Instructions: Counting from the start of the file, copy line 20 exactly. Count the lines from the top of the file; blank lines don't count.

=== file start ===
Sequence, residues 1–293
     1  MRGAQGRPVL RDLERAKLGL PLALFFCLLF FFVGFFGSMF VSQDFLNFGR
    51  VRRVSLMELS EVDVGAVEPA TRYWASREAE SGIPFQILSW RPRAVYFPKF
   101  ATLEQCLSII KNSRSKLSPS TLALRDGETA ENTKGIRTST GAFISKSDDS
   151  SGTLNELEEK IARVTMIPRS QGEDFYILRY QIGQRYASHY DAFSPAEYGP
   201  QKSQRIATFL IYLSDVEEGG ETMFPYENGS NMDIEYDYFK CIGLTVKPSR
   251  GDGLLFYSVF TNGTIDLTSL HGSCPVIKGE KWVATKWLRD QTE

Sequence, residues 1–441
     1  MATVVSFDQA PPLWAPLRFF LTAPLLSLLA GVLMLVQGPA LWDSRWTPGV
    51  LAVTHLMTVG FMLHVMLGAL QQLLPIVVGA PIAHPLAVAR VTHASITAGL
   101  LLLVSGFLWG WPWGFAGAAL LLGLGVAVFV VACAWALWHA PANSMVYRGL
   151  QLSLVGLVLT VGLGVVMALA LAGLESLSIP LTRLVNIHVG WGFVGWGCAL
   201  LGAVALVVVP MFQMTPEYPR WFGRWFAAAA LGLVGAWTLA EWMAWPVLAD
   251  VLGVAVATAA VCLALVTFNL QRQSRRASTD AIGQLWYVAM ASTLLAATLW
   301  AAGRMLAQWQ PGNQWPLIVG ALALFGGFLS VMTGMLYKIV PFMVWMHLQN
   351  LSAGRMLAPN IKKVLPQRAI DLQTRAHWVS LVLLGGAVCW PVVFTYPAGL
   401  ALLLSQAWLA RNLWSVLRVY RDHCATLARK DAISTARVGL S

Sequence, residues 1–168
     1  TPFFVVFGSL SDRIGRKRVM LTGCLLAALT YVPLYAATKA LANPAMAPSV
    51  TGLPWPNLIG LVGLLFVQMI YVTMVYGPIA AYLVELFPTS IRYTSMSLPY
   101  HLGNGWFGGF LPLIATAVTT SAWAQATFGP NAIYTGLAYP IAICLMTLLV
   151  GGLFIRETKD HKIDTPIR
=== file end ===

    51  TGLPWPNLIG LVGLLFVQMI YVTMVYGPIA AYLVELFPTS IRYTSMSLPY